Of the bad reputation of crows

The crow is the first bird mentioned in the Torah (Genesis 8:7). According to Resch Lakish (Sanhedrin 108b), this did not happen to the raven’s delight: »The raven gave Noah an appropriate answer. In fact, he said to him: “Your master hates me and you hate me too”. Your master hates me: seven of the clean animals and two of the unclean. You hate me too, for leaving the species of which there are seven in the ark and sending away those of which there are only two. If the prince of heat or the prince of cold attacks me, then there is one creature missing in the world; or do you desire my wife?

Without Rabenmann there is no offspring. Noah replies, “Miserable man, if I am forbidden to engage in otherwise permitted trades, how much more now am I not permitted in what is forbidden?”

coupling Noah alludes to the fact that, according to the Talmud, mating on the ark was forbidden. He continues: “The wise men taught: Three disobeyed this instruction and had intercourse in the ark, and all were punished for it. They are: the dog, the crow and Cham son of Noah.

So the raven’s reputation was rather dubious. Crows were said not to take care of their offspring. In the tractate Ketubot (49b) it is quoted from Psalm 147:9 that the Lord feeds “the young ravens that cry.” This is to say that this would not be necessary if the parents of the young crows did.

Even the rabbis considered the raven to be a liar.

The good deed of the ravens, who supplied the prophet Elijah with meat when he could not deal with it himself and had to hide in Wadi Cherit, is also foreshadowed: Thus Chullin (5a) refers to the sentence: »And the ravens brought bread and meat in the morning and bread and meat in the evening” (1 Kings 17:6). Rabbi Anan says the meat was brought by crows from the kitchen of the apostate Ahab.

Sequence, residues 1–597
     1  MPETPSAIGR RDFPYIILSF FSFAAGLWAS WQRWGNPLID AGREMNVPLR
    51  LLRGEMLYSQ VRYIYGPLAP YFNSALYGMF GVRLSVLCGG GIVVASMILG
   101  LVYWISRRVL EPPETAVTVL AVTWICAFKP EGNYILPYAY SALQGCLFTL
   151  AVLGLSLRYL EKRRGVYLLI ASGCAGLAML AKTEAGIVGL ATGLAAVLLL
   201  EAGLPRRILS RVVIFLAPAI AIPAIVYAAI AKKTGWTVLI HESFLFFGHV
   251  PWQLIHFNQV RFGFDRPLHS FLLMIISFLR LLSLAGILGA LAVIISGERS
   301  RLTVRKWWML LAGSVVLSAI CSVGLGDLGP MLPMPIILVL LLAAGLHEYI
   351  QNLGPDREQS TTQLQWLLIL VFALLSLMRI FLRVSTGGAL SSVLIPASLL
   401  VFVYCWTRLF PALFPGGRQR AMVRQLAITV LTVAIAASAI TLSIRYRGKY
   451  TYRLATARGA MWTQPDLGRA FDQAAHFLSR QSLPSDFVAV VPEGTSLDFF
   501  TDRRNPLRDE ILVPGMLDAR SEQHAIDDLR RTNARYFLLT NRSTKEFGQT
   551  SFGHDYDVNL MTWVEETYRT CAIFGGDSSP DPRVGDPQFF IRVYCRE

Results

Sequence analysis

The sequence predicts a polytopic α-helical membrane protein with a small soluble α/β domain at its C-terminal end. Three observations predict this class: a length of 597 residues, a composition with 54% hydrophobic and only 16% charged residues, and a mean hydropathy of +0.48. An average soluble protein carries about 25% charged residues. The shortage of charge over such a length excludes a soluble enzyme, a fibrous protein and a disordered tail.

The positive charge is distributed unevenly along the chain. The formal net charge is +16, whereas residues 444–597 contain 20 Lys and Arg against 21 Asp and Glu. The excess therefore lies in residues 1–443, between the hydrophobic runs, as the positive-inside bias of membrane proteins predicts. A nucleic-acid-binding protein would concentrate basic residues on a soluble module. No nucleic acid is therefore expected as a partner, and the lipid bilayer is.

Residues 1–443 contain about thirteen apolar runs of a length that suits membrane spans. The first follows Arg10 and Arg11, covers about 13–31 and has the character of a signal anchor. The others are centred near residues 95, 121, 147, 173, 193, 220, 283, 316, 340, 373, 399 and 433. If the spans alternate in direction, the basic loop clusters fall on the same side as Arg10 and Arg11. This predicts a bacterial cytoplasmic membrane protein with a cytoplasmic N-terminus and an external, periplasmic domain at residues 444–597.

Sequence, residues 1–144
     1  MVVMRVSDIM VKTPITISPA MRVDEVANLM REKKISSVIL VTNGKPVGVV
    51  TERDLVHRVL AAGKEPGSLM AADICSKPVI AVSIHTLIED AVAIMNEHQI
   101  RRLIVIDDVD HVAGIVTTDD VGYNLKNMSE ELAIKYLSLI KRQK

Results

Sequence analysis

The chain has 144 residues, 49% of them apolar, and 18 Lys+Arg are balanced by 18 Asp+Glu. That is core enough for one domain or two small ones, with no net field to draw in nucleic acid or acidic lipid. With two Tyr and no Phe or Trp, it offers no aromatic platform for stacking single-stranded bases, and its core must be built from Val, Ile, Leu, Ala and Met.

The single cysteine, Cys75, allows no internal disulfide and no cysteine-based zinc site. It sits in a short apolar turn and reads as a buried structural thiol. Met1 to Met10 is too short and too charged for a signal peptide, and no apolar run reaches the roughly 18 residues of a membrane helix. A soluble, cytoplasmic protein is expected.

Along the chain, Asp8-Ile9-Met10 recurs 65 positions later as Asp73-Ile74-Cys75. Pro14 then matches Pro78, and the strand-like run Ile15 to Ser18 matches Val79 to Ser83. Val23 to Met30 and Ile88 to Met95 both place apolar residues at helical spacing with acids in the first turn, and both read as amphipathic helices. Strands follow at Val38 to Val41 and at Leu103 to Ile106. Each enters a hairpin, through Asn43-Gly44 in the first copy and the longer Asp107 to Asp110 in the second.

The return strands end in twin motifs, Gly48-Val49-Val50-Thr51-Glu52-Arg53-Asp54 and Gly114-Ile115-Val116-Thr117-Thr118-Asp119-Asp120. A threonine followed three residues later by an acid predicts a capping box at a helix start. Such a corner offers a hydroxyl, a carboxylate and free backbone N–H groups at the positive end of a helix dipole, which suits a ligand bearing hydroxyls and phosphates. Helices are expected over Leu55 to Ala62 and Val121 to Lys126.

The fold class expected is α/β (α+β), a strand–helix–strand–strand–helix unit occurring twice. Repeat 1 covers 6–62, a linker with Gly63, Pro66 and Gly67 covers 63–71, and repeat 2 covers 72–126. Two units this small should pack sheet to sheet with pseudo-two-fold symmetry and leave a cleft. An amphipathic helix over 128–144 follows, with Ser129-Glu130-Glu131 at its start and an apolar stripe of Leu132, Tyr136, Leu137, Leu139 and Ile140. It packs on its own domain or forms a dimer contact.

blood In Bawa Batra (22a) the sound of the crow is imitated. There Rabbi Joseph is said to have had date palms under which the barbers bled their customers. Then the crows came and ate the blood, then they flew into the trees and damaged the dates. Then Rabbi Joseph spoke: “Take me the Kur-Kur away from here.”

This noise has been taken as a bad sign. For example, Shabbat 67b says that some would have reacted to a raven: “If anyone says to a raven: Shriek, and to a female raven: I hiss and turn her tail forever, this must be regarded as a hemoritic custom.”

It is said of Rabbi Ilisch (Gittin 45a) that he once sat in prison and with him a man who could understand the language of birds. Then a crow came and called Rabbi Ilisch. He said to the man, “What does the crow say?” The bird interpreter replied: “Ilish, flee! Ilish, flee!” But Rabbi Ilish replied, “He’s just a lying crow – I don’t rely on him.” So he only tried to escape when a dove arrived with the same message.

Sharpen Even the rabbis considered the raven to be a liar. They discuss the use of iron for the temple in the Shabbat treatise (90a) and ask what it is for. Rabbi Josef replies: “To protect from crows.” The roof of the temple was secured with iron spikes to prevent ravens from roosting on it.

However, although the ravens’ image was bad, the sages taught: “These of three classes love one another: converts, slaves, and ravens” (Pesachim 113b).

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